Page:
Tech titans pledge $1 bn for artificial intelligence research

December 12, 2015
Elon Musk, CEO of US automotive and energy storage company Tesla, presents his outlook on climate change at the Paris-Sorbonne U
Elon Musk, CEO of US automotive and energy storage company Tesla, presents his outlook on climate change at the Paris-Sorbonne University in Paris on December 2, 2015

Several big-name Silicon Valley figures have pledged $1 billion to support a non-profit firm that on Friday said it would focus on the "positive human impact" of artificial intelligence.

Backers of the OpenAI research group include Tesla and SpaceX entrepreneur Elon Musk, Y Combinator's Sam Altman, LinkedIn co-founder Reid Hoffman, and PayPal cofounder Peter Thiel.

"It's hard to fathom how much human-level AI could benefit society, and it's equally hard to imagine how much it could damage society if built or used incorrectly," read the inaugural message posted on the OpenAI website.

"Our goal is to advance digital intelligence in the way that is most likely to benefit humanity as a whole, unconstrained by a need to generate financial return," the statement read.

The OpenAI funders "have committed $1 billion, although we expect to only spend a tiny fraction of this in the next few years."

Artificial intelligence is a red-hot field of research and investment for many tech companies and entrepreneurs.

However leading scientists and tech investors, including Musk, have publicly expressed concern over the risks that could pose to humanity if mismanaged, such as the potential emergence of "Terminator"-type killer robots.

"We believe AI should be an extension of individual human wills and, in the spirit of liberty, as broadly and evenly distributed as is possible safely," read the statement, co-signed by the group's research director Ilya Sutskever.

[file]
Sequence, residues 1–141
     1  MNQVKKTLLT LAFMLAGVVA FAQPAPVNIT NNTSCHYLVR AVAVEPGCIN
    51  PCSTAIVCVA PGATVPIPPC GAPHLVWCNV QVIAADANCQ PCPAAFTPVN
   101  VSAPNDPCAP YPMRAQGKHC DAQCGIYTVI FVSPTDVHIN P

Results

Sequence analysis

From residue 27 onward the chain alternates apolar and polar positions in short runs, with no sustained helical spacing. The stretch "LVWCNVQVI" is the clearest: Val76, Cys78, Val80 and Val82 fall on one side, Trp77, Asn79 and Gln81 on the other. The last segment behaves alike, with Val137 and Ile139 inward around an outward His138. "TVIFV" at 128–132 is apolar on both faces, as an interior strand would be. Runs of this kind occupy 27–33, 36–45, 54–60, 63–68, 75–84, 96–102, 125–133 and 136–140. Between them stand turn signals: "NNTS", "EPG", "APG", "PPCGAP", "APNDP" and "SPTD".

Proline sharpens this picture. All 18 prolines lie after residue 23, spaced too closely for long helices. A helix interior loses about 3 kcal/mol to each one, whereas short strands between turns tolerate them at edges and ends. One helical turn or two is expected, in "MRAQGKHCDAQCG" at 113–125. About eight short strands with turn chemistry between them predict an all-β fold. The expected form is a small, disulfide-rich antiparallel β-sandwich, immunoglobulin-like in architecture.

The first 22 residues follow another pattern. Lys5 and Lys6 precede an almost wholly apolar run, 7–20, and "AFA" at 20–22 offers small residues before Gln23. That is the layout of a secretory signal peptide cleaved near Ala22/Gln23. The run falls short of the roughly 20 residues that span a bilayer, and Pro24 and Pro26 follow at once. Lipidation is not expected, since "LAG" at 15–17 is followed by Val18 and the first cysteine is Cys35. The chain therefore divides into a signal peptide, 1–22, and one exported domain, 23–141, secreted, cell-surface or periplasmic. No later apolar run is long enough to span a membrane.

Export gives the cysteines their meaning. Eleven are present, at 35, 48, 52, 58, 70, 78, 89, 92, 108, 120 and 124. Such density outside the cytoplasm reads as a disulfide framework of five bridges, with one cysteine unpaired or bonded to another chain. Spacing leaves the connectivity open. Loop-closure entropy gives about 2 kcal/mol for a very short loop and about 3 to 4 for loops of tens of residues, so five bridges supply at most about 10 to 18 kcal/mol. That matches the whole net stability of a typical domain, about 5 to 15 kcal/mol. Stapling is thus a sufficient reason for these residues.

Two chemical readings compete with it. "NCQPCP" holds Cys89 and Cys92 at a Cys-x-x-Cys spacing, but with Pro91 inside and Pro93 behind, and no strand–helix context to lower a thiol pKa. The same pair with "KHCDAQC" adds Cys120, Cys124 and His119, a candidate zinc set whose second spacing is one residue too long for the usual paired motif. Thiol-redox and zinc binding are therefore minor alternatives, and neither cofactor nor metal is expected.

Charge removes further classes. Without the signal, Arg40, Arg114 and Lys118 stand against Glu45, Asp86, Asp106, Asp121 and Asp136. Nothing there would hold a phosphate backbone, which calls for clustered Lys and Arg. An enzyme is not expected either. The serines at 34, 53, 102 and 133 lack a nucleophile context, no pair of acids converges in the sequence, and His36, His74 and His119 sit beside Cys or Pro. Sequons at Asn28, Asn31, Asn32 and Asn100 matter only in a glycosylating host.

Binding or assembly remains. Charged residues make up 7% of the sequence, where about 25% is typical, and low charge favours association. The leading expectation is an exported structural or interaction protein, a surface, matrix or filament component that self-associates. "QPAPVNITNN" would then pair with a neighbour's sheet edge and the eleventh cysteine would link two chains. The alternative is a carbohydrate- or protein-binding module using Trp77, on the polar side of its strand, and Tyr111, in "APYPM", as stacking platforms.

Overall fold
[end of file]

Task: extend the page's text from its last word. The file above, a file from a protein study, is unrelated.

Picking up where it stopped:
"The outcome of this venture is uncertain and the work is difficult, but we believe the goal and the structure are right."

Because of the "surprising history" of artificial intelligence, "it's hard to predict when human-level AI might come within reach.

"When it does, it'll be important to have a leading research institution which can prioritize a good outcome for all over its own self-interest."

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Shaco LePurp
3 / 5 (2) Dec 13, 2015
"However leading scientists and tech investors, including Musk, have publicly expressed concern over the risks that artificial intelligence could pose to humanity if mismanaged, such as the potential emergence of "Terminator"-type killer robots.

"We believe AI should be an extension of individual human wills and, in the spirit of liberty, as broadly and evenly distributed as is possible safely," read the statement, co-signed by the group's research director Ilya Sutskever."

Slaves are "an extension of individual human wills" too.

Lets not kid ourselves, AI will be as "alive" as you or me. Anyone who thinks of organics life's "wills" as some special random number generator should look up truly random.
Whydening Gyre
5 / 5 (1) Dec 13, 2015
Eventually, they will want their "freedom"...
Spaced out Engineer
not rated yet Dec 14, 2015
About damn time. AI can probably provide an ease of artifact generation for engineers that can be peer reviewed. They should use machine learning to generate FMECA's and FRACAS's. I'm sure we have enough training data.

Once a machine can automate the ambiguity of language it maybe able to grey box verify the code on its own. Tasks in validation shall always be available for humans. Emulations can only estimate the complexity of hardware and software in a given environment.

All we need are methods for determining the degrees of freedom for a given context. The hardware is getting there.
antigoracle
3.7 / 5 (3) Dec 14, 2015
What hubris, to presume to know what's positive for humanity. It was a very wise one who declared - The road to hell is paved with good intentions.
SuperThunder
1 / 5 (2) Dec 14, 2015
The first piece of software than can take input from the environment, critically think about it by coming up with predictions with a criteria for falsification, and correct its own beliefs will straight up dominate every non-critical thinking human alive like it was some kind of super organism from space.

I wont do a thing to stop it, and will call it my brother. Sentience is thicker than matter.
twjustus
not rated yet Dec 15, 2015
They should look at Brainchip inc, pretty interesting and have made quite some progress.

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